Renardo Sidney finally rewards Mississippi State's faith in him

For the first time in his brief yet turbulent college career, Renardo Sidney showed why Mississippi State seems to believe he's worth all the trouble.

The 6-foot-10 big man led struggling Mississippi State to a 69-64 win over rival Ole Miss to restore some hope that the Bulldogs may yet emerge from a stretch of five losses in six games to regain relevance this season. Sidney erupted for 24 points on 9 of 12 shooting and did not visibly tire in the second half, easily his best performance in the four games he's played for the Bulldogs.

The pressure on Sidney to both produce and behave the rest of the season is enormous because many don't believe he should still be on the team. Despite a highly publicized brawl with teammate Elgin Bailey in the stands of a tournament in Honolulu last month, Sidney served only a two-game suspension whereas the lesser-talented Bailey left the program.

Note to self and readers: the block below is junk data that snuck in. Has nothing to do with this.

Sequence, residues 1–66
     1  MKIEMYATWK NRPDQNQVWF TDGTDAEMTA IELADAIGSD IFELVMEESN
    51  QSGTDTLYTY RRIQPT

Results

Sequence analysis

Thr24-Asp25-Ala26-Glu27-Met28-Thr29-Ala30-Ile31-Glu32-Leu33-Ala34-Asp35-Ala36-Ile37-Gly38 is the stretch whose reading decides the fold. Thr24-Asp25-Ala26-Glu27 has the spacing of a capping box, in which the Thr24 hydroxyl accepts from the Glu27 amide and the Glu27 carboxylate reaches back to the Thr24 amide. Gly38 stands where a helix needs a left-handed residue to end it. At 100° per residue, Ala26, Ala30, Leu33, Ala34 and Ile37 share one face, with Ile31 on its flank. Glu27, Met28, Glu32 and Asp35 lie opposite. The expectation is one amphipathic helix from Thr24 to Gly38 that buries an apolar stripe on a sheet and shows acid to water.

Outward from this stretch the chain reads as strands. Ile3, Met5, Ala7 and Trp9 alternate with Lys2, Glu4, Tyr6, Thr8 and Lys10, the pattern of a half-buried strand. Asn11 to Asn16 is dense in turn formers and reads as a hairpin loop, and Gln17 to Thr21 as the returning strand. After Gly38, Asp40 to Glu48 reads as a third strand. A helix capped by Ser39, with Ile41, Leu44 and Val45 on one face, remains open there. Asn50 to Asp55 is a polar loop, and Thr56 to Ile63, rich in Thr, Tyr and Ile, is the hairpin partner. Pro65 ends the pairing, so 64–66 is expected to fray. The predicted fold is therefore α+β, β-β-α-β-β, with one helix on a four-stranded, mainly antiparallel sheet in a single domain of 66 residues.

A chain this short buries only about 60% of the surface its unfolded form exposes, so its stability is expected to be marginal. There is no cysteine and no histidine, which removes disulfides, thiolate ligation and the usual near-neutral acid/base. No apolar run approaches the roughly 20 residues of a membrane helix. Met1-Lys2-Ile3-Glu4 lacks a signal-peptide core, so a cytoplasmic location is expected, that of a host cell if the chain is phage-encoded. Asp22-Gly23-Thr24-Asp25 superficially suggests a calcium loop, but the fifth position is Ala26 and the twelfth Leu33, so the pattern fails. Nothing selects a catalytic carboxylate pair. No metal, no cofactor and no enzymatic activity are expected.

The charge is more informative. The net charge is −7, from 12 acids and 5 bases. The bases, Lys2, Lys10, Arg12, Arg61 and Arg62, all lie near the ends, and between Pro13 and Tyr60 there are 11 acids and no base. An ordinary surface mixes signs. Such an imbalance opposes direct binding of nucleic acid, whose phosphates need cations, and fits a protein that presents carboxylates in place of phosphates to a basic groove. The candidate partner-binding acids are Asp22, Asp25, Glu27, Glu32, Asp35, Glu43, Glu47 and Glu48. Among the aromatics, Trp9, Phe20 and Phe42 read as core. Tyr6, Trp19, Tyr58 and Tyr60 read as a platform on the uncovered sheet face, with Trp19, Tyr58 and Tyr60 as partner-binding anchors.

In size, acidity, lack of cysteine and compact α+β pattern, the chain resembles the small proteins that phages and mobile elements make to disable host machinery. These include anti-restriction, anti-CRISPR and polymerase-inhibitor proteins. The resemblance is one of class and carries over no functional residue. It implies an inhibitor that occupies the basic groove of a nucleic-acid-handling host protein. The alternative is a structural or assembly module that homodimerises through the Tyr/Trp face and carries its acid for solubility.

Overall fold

Sidney's success against Ole Miss had less to do with his back-to-the-basket game than his ability to run the pick and roll with point guard Dee Bost.

Time and time again, Bost found Sidney cutting to the rim or popping out for a perimeter jump shot. And if the defense paid too much attention to Sidney, Bost made them pay himself, contributing a team-high 25 points of his own.

Of course, it wouldn't be Renardo Sidney if there weren't some immaturity to tarnish a night when he showcased his potential. Brad Locke of the Northeast Mississippi Daily Journal reported that Sidney discreetly flipped off the Ole Miss student section late in the first half as fans taunted him for his previous troubles this season.

Mississippi State coach Rick Stansbury told reporters at his news conference that he thought Sidney "controlled his emotions really well." Asked privately by Locke about Sidney's obscene gesture to the fans, Stansbury told the reporter, "If you saw it, you handle it. I didn't see it, so hey. I've seen enough, OK?"

Such a flippant comment will only fuel concerns that Stansbury is enabling Sidney by not disciplining him properly, but at this point the coach is stuck with his talented but troubled star.

There will be nights like this one when Sidney leads Mississippi State to marquee victories. But will those performances offset his lack of maturity or questionable work ethic? It still seems doubtful at this point.

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